After my release I went to another rally and then rolled to the hotel. At one point I encountered unexpected stairs on a path (thanks for nothing google maps) and off roaded the scooter down a steep little hill. (Bruce was going by, and THAT got me a bad ass designation from him.) Because I had gone straight to another rally I missed out on a group post-arrest photo with Judy Heumann and Gregg Beratan. Instead a stranger took my picture at the rally because they thought it would look awesome.

Heavy Pale Femme in a scooter holds up a "Don't Take Away Our Healthcare" sign next to a group of people gathered for a rally. In the background is the Capitol steps and dome.

“Hey can I take a picture of you holding that sign for you? It would look AWESOME.” “Okay.”

Being me, I called my mother. It went something like this.

Mother: You got arrested?!?

Me: yeah it was just a citation and fine though.

Mother: … how much is the fine?

Me: oh, it’s only $50 I’ll pay it before I leave.

Mother: Oh well that’s not bad. It is for a good cause. [Short conversation about my sister.] Okay have fun and don’t get into TOO much trouble okay?

I thought that went pretty well. By the time I met up with my sister back at the hotel Christy had calmed down enough to be proud of me. Later in the evening, a friend of mine who is abled contacted me- she and her daughter can’t get arrested because of work stuff, but they wanted to anonymously cover my fines. They also covered some other people’s fines once I connected them to Stephanie.

They next day we went on a poorly fated adventure to take the ADAPTers who had camped outside of the Russel office building an ADA anniversary cake. They had broken camp an hour before we got there, so after stumbling into the Planned Parenthood rally, we went to pay my fines.

A heavy pale femme wearing pearls has on a pink "I Stand With Planned Parenthood" t-shirt on. This is a selfie.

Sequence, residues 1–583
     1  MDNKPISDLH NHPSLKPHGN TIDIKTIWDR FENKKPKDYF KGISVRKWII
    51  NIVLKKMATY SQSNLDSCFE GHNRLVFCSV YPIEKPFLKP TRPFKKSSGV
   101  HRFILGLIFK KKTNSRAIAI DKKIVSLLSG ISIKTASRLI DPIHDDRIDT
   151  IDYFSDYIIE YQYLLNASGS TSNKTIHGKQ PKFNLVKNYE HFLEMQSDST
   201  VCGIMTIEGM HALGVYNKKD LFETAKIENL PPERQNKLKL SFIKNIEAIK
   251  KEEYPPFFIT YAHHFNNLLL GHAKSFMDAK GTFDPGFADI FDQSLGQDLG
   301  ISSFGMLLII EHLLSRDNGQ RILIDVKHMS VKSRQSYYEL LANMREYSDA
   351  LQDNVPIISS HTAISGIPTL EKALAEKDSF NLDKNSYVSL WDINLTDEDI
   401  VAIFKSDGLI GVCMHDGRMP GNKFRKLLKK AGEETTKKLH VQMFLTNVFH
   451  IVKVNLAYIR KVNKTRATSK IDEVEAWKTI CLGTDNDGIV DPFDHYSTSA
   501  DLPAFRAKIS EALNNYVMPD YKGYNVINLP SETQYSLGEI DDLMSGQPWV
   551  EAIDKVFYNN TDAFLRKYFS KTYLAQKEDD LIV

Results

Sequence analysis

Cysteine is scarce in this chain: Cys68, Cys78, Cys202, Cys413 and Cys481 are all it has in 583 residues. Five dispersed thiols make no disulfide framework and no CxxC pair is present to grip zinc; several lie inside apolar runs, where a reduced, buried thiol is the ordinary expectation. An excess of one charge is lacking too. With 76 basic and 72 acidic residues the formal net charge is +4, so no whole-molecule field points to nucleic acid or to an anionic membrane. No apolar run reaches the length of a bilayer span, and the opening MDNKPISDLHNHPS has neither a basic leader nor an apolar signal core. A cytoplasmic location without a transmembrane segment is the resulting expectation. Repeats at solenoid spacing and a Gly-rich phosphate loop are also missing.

PatientMiles from twitter gave me a Planned Parenthood rally shirt since by the time I asked about them, they had handed the last one to my sister. Thanks Miles! Thrilled to have met you! (My sister got even more swag because she raided the swag-distributors. Sigh.)

I hobbled over there just barely in time to get in before the office closed. A friendly young guy did a security screening and chatted. He informed me that the people who had gone to protest in the Senate balcony got more than a fine. Turns out interrupting the Senate is a Big Deal, and those who didn’t know were a bit shocked to learn that that isn’t a charge you can just pay a fine for. Those folks had to go back for a court date.

A surly cop then escorted me over to where they would process my fine. After he left even the other cops joked that he tends to be in a crappy mood, which helped my nerves. Several other ADAPTers were there paying their fines as well. It was actually fairly relaxed considering the setting- everyone was in an okay mood. When it came my turn, they finger printed my thumb, took my money, photocopied the paperwork and my ID, and gave me a receipt. Then I was free to go about my evening.

Oh and the cake? Yeah, we tracked down some ADAPTers to deliver that to eventually, too.

Four light skinned people. They are standing. One is holding out a cake that says, Happy Birthday ADA with the ADAPT logo, and candles spelling out 27. It's in the lobby of an apartment building somewhere in DC.

At the end of the day, we delivered the cake! By we, I mean Kelly Israel, Christy, me, and Rabbi Ruti. I hope Jill and Laura enjoyed the cake!

Over all, my first protest related arrest went well. I was surprised, as I’m terrified of cops. I think it went well because: